The judge then takes a recess. She notes that the question of whether Data is man or machine, and of whether he has a conscience, simply is not, on some fundamental level, suspectible of a legal determination. “This question is beter left to the domain of saints and philosophers,” she says. “But, I have to nonetheless make a ruling, to speak to the future. And it occurs to me that we’ve all been dancing around the real question here. Does Data have a soul? I don’t know. I don’t know that I have one. But it the ruling of this court that Data should have the opportunity to explire the answer to this question for himself. I therefore rule that Data is not the property of Starfleet and that he has the right to chose whether to be disassembled.” Data then promptly informs Maddox of his refusal to submit to the procedure.

Strange, how in one, 45-minute television episode, the debate over “What is life” had more substance, passion, give-and take, and yes, life, then the entire debate in the U.S. Congress about the stem-cell research bill that President Bush shamefully vetoed. Andrew Sullivan describes the veto as political courage (how does he know that the veto signifies that, as opposed to say, pandering? This President has never cared about popular opinion, regardless of whether he should have). I think the veto signifies a complete failure on Bush’s part to immerse himself in the crucible. A more thoughtful President would have asked himself questions such as “Is a blastocyte conscious? Intelligent? Self-aware?” Had that President forced himself to ask those questions, he might have been forced to face some difficult truths – truths that may not – probably are not – truths when a fetus of a certain age is concerned. Instead, Bush took the easy way out, using the battery of false logic. “We were all embryos once.” (Yes, non-discarded ones that were not designated for no other purpose than destruction that conseratives couldn’t care less about saving.” “The children standing before me today as I sign this bill are not spare parts.” (No, they’re props). Was anyone proposing to kill a spare part, or something from which a spare part actually was to be harvested? Are scientists really creating embryos solely for the purpose of stem-cell harvesting? No, and no. Even if one agrees with an ultimate decision that Bush reaches, the rationale he employs to reah it is so disingenuous, so shoddy, and so untethered to reality that he all but defies you to take a stance opposite to his. If he truly believes a blastocyte is human life, let’s hear why – without the ad hominem attacks the false choice logic, the misstatements of fact, the facts that are relevant but not necessarily true, and the facts that are true but not necessarily relevant. That Bush can only defend his decisions by putting on a sideshow naturally leads one to believe that he treats the decision-making process not as a crucible in which impuruties are burned until the truth as reached – but to believe that he treats it as the grand finale of a circus act.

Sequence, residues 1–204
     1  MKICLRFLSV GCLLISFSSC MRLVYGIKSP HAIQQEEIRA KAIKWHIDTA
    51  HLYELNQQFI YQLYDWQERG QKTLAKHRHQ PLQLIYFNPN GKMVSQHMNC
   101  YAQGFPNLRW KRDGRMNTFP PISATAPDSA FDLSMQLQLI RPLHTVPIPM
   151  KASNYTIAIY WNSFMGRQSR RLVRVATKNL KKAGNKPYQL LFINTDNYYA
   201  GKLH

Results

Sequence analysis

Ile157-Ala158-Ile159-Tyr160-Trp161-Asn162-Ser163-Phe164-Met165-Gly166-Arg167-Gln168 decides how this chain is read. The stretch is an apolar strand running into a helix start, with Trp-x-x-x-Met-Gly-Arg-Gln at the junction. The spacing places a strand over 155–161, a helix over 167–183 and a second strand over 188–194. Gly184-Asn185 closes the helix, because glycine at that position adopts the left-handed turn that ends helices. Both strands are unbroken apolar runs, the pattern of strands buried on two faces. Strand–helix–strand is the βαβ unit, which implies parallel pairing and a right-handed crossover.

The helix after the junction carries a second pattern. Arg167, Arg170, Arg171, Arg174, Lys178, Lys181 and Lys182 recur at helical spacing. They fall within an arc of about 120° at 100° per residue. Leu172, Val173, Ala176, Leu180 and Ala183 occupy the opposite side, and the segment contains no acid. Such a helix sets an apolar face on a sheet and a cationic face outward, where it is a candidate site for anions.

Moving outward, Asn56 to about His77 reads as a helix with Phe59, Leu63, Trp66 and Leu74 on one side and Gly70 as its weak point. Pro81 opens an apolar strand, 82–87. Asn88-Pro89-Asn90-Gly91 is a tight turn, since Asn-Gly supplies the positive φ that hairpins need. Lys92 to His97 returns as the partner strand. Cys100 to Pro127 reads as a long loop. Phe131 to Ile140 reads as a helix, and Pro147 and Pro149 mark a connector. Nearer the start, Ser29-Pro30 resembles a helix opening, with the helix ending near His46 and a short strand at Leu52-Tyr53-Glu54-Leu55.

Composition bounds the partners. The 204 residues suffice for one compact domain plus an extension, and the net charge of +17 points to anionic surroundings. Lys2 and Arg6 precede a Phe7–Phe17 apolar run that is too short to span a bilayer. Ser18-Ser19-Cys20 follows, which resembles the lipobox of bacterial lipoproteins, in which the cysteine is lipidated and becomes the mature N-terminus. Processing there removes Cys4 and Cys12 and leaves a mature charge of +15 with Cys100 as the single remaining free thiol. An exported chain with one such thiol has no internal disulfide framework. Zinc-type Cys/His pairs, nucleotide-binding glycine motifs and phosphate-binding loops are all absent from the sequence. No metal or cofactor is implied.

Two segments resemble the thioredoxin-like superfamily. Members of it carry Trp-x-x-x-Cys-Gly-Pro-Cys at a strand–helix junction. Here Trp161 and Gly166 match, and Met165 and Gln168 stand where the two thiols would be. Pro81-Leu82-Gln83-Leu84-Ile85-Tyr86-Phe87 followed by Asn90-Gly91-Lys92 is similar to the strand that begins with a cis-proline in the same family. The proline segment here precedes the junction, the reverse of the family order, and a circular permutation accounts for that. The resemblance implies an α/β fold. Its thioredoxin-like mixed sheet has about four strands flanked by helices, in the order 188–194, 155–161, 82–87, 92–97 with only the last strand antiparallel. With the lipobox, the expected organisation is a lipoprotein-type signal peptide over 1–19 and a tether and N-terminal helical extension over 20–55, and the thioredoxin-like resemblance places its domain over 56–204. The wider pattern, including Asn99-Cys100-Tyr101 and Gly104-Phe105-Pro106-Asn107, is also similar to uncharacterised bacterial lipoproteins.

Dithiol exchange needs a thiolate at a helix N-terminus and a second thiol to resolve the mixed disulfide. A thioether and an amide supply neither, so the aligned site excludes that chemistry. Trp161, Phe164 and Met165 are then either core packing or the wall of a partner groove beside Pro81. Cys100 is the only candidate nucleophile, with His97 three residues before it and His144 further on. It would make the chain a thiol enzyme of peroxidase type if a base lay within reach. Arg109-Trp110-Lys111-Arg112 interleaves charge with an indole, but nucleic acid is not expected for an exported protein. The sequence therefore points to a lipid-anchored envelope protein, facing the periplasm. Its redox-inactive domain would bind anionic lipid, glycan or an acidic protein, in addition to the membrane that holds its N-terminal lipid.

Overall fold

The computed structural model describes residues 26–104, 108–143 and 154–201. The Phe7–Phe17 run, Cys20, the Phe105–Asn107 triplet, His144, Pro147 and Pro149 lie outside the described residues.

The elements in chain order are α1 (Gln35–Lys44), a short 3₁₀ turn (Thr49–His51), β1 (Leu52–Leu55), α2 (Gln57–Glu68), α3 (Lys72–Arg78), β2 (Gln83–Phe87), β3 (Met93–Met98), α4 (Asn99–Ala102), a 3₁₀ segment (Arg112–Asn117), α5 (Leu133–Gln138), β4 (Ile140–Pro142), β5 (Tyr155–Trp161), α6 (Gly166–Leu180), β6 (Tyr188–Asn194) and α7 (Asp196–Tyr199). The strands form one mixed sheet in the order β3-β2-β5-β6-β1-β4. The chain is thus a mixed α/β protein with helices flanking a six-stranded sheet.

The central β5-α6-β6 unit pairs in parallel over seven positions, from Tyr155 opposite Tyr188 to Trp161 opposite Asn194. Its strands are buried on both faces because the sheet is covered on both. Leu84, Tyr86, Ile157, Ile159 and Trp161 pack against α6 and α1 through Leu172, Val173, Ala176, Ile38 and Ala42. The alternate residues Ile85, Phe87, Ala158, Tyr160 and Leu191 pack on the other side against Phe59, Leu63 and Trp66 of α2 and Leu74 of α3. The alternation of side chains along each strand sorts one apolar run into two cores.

All of us – unborn and born – deserve better.